Setting: You can either draw out a map first, or pants a bit then draw a map. You could draw a map as you pants, expanding out like a “fog of war” in a real time strategy game. This is up to you. Maybe you already have a few different cultures in your mind and you want a place to put them. Maybe you have no idea what cultures are in your world and you’ll add them in as you run into them. Maybe that ruin you hid in while being chased by the Graklorans just showed up and you add it to your map. You can also pants in some history on it – no info dumping here – and add it to your map. Setting is something you can draw up a bit, or pants then draw up. You can decide on this one.

World Building: This is where I really get caught up in.  I want to know all the cultures, languages, political tensions. I need to stop.  If you have a few ideas for some cultures write up a quick document on each culture. Don’t go so deep that you don’t learn anything when you meet these cultures. Just write up the interesting bits. Write up the parts that sparked your imagination. Write up the things that might be contentious to a nearby culture. Write any enemies the cultures has. Write whatever you want. If you have the idea write it down. Don’t go looking for new info to write. Just write what you have.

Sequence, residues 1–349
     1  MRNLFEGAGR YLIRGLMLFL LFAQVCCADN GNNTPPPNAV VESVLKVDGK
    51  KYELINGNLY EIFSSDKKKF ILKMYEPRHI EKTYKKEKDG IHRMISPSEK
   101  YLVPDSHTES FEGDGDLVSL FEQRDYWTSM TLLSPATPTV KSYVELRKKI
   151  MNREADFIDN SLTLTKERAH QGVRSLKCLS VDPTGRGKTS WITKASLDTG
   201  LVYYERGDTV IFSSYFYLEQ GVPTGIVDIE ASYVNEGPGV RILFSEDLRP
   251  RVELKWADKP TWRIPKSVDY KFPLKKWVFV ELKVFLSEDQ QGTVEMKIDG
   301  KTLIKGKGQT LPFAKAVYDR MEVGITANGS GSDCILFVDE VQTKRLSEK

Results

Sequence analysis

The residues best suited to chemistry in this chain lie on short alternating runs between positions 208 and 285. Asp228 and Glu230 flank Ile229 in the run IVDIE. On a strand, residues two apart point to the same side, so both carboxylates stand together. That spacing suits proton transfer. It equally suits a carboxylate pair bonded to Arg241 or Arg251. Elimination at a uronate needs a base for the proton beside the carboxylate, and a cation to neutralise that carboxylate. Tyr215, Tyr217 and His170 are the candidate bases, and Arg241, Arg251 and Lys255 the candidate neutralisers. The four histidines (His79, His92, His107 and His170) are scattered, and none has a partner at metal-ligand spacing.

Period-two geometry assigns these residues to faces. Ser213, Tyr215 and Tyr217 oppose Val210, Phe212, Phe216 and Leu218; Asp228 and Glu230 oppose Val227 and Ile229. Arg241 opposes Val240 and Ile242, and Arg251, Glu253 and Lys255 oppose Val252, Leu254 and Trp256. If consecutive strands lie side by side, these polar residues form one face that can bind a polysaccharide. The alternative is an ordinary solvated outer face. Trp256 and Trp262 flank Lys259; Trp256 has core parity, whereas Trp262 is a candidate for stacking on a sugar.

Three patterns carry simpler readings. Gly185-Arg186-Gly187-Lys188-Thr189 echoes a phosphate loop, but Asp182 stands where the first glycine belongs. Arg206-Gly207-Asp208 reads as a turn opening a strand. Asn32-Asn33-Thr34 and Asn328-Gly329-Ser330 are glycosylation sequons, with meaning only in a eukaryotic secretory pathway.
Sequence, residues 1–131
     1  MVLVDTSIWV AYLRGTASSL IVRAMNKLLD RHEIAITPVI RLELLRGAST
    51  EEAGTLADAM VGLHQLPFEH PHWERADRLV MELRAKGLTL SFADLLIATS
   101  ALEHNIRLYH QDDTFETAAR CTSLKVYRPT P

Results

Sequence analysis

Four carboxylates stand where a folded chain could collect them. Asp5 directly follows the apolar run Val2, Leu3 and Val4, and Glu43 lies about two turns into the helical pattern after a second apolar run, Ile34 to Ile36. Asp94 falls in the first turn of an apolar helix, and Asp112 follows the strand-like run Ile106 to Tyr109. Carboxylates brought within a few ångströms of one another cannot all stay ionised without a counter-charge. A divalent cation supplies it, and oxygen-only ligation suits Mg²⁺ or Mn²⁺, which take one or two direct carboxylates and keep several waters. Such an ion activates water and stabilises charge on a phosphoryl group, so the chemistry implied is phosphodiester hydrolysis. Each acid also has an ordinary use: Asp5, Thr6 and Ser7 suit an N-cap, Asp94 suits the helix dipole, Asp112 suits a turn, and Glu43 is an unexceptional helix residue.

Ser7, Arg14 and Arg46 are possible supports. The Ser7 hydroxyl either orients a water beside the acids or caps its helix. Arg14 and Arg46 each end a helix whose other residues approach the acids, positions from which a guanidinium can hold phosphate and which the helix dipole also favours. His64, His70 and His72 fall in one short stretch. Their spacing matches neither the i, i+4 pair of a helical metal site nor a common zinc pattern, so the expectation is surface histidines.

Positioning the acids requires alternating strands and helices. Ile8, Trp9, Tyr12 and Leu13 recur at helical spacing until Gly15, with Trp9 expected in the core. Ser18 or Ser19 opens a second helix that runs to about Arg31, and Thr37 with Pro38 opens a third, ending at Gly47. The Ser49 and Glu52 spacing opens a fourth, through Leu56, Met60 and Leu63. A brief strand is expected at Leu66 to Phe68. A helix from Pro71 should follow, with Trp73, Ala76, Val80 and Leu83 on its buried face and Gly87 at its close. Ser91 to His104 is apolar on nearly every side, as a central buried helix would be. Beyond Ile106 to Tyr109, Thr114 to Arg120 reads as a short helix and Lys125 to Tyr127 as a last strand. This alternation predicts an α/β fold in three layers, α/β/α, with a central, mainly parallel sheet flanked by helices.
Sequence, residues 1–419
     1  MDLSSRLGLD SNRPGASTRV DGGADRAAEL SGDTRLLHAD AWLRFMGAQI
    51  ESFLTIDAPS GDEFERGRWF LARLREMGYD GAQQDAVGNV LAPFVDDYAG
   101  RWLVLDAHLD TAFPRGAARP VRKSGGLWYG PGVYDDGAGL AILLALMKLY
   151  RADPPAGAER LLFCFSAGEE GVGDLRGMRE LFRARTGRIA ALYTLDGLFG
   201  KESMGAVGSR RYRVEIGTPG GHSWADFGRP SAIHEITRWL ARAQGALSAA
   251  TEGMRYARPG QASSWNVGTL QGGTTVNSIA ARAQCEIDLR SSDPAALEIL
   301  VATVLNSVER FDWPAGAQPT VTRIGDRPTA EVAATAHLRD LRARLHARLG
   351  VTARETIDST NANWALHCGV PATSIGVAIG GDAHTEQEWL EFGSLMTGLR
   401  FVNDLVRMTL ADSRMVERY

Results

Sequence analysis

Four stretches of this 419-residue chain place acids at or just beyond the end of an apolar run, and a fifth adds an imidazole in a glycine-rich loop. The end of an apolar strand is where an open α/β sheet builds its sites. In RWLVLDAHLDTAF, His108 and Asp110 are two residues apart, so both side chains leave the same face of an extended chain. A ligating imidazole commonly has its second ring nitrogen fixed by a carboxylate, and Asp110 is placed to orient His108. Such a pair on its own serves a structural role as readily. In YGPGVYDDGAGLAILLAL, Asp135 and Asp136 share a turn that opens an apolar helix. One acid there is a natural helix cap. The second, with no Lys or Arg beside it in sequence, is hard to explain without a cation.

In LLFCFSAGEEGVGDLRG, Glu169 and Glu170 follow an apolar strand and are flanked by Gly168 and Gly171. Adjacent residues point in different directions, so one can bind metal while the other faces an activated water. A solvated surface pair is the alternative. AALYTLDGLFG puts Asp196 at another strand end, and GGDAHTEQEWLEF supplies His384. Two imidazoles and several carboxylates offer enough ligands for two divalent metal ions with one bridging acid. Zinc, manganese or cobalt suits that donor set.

Languages can really get you sucked in. If you already have a cool name for your culture or some aspects of it, write them down in a language journal. Learn how languages work and follow the rules of language building for the rest of your language based on what you already have written down. Don’t build your language past your cool ideas. Only build when you get to a part in your story that needs language.

Political tensions are perfect for pantsing. What better then to throw in some political tension just as things are slowing down. Once again if you already have an idea then write it down, if not save this for your own discovery.

Plot: This is where the pantsers really don’t write down a thing. You have characters set up and ready with a few character rules set in place. You have your setting or plan on how you will discover. You have any quick notes on your world. Now it is time for Plot. Screw plot if you want. You can just start writing.

Or you can once again write down real quick anything that has been rumbling around in your mind. Jot down the cool scenes you want to write. No more. Don’t go looking for more scenes. You don’t want to plan the book before you write it. That is what I did and I was done with my story before it started. You want fresh.

You need an end. Most novels end up not being written because the writer had no end goal. Give yourself a main theme. It can be as simple and cliche as you want it. Face it, all themes are cliche. There is no “Original Fiction”. There is only your version of a story already told. This isn’t a bad thing. This is how it has been since the beginning of story telling. Once you have a theme, tell your self what your main characters will achieve at the end of this story. You don’t have to write this at the beginning. You can pants it for a while, see what problems your characters end up having, and write down an ending with them resolving their problems.